There are a Few Things Worth Keeping an Eye on in the Bengals-Broncos Matchup


Photo by Justin K. Aller/Getty Images

Three random observations leading up to the Bengals’ home opener against the defending Super Bowl champion Denver Broncos:

When the Broncos set out to replace the retiring Peyton Manning this offseason, they were not seeking a successor to Peyton Manning, five-time MVP; they were searching for a replacement for Peyton Manning, below-average quarterback. During the 2015 regular season, Manning threw nearly twice as many interceptions (17) as touchdowns (nine)—the former was the second-highest INT total in the NFL—and posted the highest pick rate (5.1 percent) of his career. The 39-year-old’s adjusted yards gained per passing attempt (five yards) was the lowest of his career, and only in his rookie season did Manning complete a lower number of his throws.

To the uninitiated, John Elway & Co. acquired Mark Sanchez over the offseason and drafted Joey Fatone’s younger brother, Paxton Lynch, to cover for Manning. So who started for Denver on the Opening Night against the Panthers?

Trevor Siemian.

Wait, who?

A seventh round pick out of Northwestern two seasons ago, Siemian barely threw for more touchdowns (27) than interceptions (24) as a Wildcat.

But, here we are in Week 3, and Siemian has won both of his starts. And yet, the Broncos two victories are tied mostly to their ruthless defense and not their 24-year-old signal-caller, who has one touchdown and three interceptions to his name, along with a QB rating (74.4) that ranks 31 out 33 qualified quarterbacks.

Long-term, Siemian likely isn’t the answer at QB—Lynch is considered a natural fit for coach Gary Kubiak’s rollout and play-action-heavy offense—but Siemian may prove to be decent stopgap, and perhaps even an upgrade over Manning in the short-term.

Last season, Denver rode its defense to glory. During the 2015 regular season, the Broncos were first in the NFL in sacks and yards allowed per game, and also were No. 1 in Football Outsiders’ defensive efficiency rankings. In the postseason, Denver shut down Ben Roethlisberger and Tom Brady before sacking MVP Cam Newton six times and forcing four turnovers in its Super Bowl 50 triumph over Carolina.

With many key parts returning from last season’s staunch unit returning in 2016, it appears as if the Broncos are keen on following a similar formula this fall. It’s an interesting (and borderline arrogant) strategy for a defending champ with repeat aspirations to pursue, but we’ll have a better idea of what Siemian can do Sunday in his first road start.

Sunday’s matchup will also feature two of the top five picks from the stacked 2011 draft: Von Miller and A.J. Green. Miller, who was named the Most Valuable Player in Super Bowl 50, went second overall to the Broncos, with Green going to the Bengals two picks later. Miller is one 12 players from the 2011 draft who have racked up a combined 20 first team all-pro selections.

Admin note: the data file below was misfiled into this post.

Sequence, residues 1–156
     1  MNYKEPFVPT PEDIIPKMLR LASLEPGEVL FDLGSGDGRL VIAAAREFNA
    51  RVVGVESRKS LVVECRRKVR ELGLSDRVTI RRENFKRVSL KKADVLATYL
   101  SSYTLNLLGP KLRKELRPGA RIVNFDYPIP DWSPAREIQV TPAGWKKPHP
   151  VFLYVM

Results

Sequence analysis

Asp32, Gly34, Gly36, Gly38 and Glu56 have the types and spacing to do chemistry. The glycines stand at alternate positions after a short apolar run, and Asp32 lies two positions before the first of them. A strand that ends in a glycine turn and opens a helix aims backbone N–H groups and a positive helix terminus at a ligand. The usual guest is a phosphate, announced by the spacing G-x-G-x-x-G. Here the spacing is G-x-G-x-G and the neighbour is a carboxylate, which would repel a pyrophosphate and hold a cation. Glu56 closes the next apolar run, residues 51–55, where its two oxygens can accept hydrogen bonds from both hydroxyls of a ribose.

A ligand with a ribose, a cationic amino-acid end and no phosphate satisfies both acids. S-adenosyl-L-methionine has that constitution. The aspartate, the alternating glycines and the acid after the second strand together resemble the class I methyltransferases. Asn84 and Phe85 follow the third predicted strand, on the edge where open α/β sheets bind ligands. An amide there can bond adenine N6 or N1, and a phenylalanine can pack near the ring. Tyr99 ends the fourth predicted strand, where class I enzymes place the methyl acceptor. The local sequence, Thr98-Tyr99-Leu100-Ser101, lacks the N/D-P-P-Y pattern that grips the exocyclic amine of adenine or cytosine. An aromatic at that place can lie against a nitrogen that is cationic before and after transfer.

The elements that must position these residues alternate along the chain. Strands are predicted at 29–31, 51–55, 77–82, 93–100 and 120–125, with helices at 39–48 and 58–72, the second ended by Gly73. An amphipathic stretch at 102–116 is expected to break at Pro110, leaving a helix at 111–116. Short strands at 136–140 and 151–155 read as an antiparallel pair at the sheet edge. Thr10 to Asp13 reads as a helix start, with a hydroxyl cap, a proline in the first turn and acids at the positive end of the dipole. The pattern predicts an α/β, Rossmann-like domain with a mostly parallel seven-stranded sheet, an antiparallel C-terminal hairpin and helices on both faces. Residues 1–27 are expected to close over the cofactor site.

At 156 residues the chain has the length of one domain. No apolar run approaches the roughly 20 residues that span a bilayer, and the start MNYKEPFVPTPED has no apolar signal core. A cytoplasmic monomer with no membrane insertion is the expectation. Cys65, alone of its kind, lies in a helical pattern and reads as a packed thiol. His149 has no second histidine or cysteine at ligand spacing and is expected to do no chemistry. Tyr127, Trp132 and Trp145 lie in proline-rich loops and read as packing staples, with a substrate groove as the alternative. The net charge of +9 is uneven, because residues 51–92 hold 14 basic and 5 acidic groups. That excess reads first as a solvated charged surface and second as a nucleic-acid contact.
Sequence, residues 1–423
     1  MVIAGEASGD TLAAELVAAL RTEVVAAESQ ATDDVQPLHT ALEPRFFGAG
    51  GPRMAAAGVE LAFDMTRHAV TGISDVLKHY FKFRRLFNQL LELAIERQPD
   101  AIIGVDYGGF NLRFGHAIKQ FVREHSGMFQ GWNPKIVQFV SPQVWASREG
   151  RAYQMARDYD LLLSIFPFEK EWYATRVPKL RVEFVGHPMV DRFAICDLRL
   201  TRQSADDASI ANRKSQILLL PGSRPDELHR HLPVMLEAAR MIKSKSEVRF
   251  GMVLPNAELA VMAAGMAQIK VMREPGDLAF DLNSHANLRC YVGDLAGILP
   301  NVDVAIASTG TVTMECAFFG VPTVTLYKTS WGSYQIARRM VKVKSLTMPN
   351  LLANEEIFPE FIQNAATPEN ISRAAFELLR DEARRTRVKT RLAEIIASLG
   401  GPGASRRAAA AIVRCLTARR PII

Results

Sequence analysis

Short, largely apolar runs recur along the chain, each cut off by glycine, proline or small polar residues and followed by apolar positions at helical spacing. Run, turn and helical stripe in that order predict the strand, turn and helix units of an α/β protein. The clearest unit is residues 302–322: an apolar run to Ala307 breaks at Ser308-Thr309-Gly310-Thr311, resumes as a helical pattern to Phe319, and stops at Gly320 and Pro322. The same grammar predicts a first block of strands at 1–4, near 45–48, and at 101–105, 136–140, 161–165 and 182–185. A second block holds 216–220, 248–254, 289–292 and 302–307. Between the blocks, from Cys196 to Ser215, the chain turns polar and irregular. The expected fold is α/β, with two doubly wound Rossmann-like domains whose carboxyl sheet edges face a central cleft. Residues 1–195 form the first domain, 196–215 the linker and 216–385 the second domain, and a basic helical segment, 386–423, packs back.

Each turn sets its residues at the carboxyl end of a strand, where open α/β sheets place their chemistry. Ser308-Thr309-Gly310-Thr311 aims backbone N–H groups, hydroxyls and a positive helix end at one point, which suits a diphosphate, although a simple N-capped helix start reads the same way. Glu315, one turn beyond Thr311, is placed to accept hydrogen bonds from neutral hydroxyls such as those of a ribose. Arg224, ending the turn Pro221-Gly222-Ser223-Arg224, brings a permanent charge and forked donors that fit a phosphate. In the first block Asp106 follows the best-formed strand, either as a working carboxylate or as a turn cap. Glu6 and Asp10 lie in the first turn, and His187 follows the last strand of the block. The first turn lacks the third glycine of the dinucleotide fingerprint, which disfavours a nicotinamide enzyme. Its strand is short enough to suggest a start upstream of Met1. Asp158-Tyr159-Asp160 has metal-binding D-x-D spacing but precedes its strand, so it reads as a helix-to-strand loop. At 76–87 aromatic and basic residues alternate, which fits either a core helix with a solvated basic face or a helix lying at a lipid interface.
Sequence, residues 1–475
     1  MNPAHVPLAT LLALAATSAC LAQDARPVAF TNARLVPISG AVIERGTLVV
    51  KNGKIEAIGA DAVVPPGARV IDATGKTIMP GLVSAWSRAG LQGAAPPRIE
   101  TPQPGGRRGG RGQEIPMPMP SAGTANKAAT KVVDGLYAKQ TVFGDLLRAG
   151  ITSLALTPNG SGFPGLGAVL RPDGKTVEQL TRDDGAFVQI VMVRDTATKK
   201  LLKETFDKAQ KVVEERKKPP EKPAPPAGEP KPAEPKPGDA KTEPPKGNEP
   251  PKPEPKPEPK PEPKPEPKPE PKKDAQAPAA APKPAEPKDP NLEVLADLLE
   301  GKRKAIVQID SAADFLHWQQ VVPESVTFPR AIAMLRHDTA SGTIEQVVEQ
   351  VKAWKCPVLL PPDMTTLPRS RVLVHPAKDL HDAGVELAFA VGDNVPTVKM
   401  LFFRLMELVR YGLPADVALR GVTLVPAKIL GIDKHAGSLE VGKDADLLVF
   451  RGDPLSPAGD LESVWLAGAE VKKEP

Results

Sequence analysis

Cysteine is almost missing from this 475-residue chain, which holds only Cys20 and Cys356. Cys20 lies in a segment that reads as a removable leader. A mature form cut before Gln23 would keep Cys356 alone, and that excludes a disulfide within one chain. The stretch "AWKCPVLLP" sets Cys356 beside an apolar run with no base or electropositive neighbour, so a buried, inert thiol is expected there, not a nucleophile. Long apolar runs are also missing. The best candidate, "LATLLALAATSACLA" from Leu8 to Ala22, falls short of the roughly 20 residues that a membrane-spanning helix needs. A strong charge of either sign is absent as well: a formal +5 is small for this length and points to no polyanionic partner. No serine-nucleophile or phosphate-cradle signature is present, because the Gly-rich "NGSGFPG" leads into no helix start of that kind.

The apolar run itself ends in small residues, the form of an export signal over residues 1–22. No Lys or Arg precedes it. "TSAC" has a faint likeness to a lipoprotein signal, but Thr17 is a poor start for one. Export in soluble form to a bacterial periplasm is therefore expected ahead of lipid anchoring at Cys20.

Aside from Miller and Green, the class also includes an MVP (Newton), a three-time defensive player of the year (J.J. Watt), another defensive player of the year (Robert Quinn), a rushing champion (DeMarco Murray), the player who came within a sack of breaking the single-season record (Justin Houston), Pro Football Focus’ top-rated offensive tackle in 2015 (Tyron Smith), and two of the NFL’s top corners (Richard Sherman, Patrick Peterson).

2011 draftees have made 59 Pro Bowl appearances—Green has five (which is tied with Peterson for the most in the class) and Andy Dalton has two—and includes 25 players who have spent at least five years as a the primary starter at their position for their respective squad.

As for the Bengals, in addition to Dalton and Green, the 2011 draft also produced guard Clint Boling in the fourth round.

Save for a crushing injury or two, prudence remains the most logical conclusion to draw from Sunday’s game against the Broncos, regardless of the outcome. The Bengals have yet to put forth something resembling their A-game without Messrs Burfict and Eifert; the former will return in Week 4, with the latter not far behind.

It’s impossible to determine the ceiling of the 2016 Bengals without witnessing Cincinnati string together at least a few games with all seven of what I consider the indispensable players on the the Bengals playing together: Burfict, Eifert, Dalton, Green, Andrew Whitworth, Geno Atkins, and Adam Jones.

Will the run game come around? Can the defensive line generate enough of a pass rush on its own? Is Darqueze Dennard ready for major snaps at slot corner?

We don’t know yet. But we’ll have a better idea after Sunday. Weak answer? Yep. But it’s Week 3. If monkeys riding dogs isn’t the halftime entertainment on Sunday, then we can riot.

Grant Freking writes for Redleg Nation, Land-Grant Holy Land, and is a regular contributor to Cincinnati Magazine. You can follow him on Twitter at @GrantFreking.

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